This special interest group is for professionals to connect and discuss all types of carbon-free power alternatives, including nuclear, renewable, tidal and more.

Post

Con Edison and O&R Utilities Seeking Battery Projects to Aid Clean Energy Push

image credit: Con Edison
Allan Drury's picture
Media Relations manager Con Edison

Allan Drury joined Con Edison in May 2009 as a Media Relations spokesman. Working in New York City, the media capital of the world, he speaks daily with reporters from local and national...

  • Member since 2016
  • 72 items added with 55,869 views
  • Aug 2, 2021
  • 662 views

Con Edison of New York and its affiliate Orange & Rockland (O&R) are looking for developers who can place large battery storage systems in New York City and four counties to the north.

 

The companies have released a request for proposals for developers interested in building battery systems that can go into operation by the end of 2025.

 

Energy storage is part of the New York State and New York City environmental plans, which Con Edison Inc. supports. Batteries make it possible to store electricity created by renewable resources such as solar farms and windmills and provide that energy to customers when they need it.

 

“We want to build on the momentum from our first request and help New York State move closer to its battery storage goals,” said Leonard Singh, senior vice president, Customer Energy Solutions, for Con Edison. “Our battery projects and the transmission lines we are building will maximize the environmental benefits from the renewable energy that will join New York State’s portfolio.”

 

“Energy storage plays an important role in our concerted efforts to provide reliable and resilient power to our customers while minimizing its overall cost,” said Orville Cocking, vice president of Operations at O&R.

 

Energy storage can draw power from the grid when the demand for power is low and less expensive. It can discharge that power at times when the demand for power is high, decreasing the need for power from fossil fuel-fired plants.

 

Utility-scale energy storage will grow in importance with the planned addition of large amounts of renewable energy in New York State, including 6,000 megawatts of solar and 9,000 megawatts from offshore wind.

 

The request for proposals says Con Edison wants projects totaling at least 200 megawatts in New York City and Westchester County, while O&R is looking for projects totaling 10 megawatts.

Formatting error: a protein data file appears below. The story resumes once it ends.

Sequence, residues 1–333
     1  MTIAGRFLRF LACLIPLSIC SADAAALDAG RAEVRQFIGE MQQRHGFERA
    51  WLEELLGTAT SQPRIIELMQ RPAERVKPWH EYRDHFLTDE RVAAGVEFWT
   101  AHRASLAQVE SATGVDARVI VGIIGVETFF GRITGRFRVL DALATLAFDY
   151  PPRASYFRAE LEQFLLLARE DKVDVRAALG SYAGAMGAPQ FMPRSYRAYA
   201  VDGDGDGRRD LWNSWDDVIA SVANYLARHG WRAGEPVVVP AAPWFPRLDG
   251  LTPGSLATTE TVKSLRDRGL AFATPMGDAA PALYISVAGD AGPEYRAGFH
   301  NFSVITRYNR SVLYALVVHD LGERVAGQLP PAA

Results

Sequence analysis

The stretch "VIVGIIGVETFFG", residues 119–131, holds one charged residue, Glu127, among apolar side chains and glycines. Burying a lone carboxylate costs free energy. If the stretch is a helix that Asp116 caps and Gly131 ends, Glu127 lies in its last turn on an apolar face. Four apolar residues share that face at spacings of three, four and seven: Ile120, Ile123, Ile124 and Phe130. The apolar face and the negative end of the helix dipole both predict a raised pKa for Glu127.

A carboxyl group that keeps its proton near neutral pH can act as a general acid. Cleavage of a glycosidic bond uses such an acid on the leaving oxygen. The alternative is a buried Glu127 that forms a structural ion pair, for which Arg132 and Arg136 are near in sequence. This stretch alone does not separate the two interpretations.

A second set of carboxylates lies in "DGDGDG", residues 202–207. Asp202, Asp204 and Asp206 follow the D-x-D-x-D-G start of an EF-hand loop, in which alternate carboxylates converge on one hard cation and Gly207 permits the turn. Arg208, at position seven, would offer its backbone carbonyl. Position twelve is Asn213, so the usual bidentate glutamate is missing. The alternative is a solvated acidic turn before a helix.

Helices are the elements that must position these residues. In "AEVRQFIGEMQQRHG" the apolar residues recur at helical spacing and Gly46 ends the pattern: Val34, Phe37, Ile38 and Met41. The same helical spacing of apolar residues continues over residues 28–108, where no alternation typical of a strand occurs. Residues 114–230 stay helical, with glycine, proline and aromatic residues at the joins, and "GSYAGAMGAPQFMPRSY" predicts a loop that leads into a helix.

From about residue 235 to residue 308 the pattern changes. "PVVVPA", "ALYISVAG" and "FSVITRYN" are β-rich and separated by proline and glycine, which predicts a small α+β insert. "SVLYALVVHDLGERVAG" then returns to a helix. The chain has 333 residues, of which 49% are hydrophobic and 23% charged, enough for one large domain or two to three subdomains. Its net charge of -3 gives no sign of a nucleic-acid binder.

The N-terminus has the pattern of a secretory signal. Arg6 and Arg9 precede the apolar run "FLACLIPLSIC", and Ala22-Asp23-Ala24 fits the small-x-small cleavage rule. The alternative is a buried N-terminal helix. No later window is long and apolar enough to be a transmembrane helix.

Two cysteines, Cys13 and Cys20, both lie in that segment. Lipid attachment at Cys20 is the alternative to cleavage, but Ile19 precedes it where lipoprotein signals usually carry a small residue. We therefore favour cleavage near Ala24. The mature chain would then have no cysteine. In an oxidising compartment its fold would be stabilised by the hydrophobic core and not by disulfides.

Developers that respond to the request can propose one project or multiple projects. Each project must be more than 5 megawatts.

 

The projects must connect to the Con Edison or O&R transmission or distribution systems. Developers will own, operate and maintain the storage systems and enter contracts of up to 10 years with Con Edison or O&R, agreeing to let the utility bid services from the systems into the state’s wholesale market.

 

The New York State Public Service Commission (NYSPSC) last month approved a plan by Con Edison and partner 174 Power Global for a 100-megawatt battery project at the site of the former Charles Poletti natural gas-fired plant in Astoria, Queens. That project near the East River will be complete by the end of 2022 and will be the largest storage facility in New York State.

 

The Astoria project is the result of a request for proposals that Con Edison issued in 2019.

 

In April, O&R began operating its first battery energy storage project, a 3-megawatt battery storage array in Rockland County, marking a significant milestone in the growth of energy storage capacity in New York’s Hudson Valley.

 

The battery storage project is part of O&R’s program to reduce costs to customers and incorporate new technologies to maintain efficient, resilient and reliable electric operations.  

 

Allan Drury's picture
Thank Allan for the Post!
Energy Central contributors share their experience and insights for the benefit of other Members (like you). Please show them your appreciation by leaving a comment, 'liking' this post, or following this Member.
More posts from this member
Discussions
Spell checking: Press the CTRL or COMMAND key then click on the underlined misspelled word.

No discussions yet. Start a discussion below.

Get Published - Build a Following

The Energy Central Power Industry Network is based on one core idea - power industry professionals helping each other and advancing the industry by sharing and learning from each other.

If you have an experience or insight to share or have learned something from a conference or seminar, your peers and colleagues on Energy Central want to hear about it. It's also easy to share a link to an article you've liked or an industry resource that you think would be helpful.

                 Learn more about posting on Energy Central »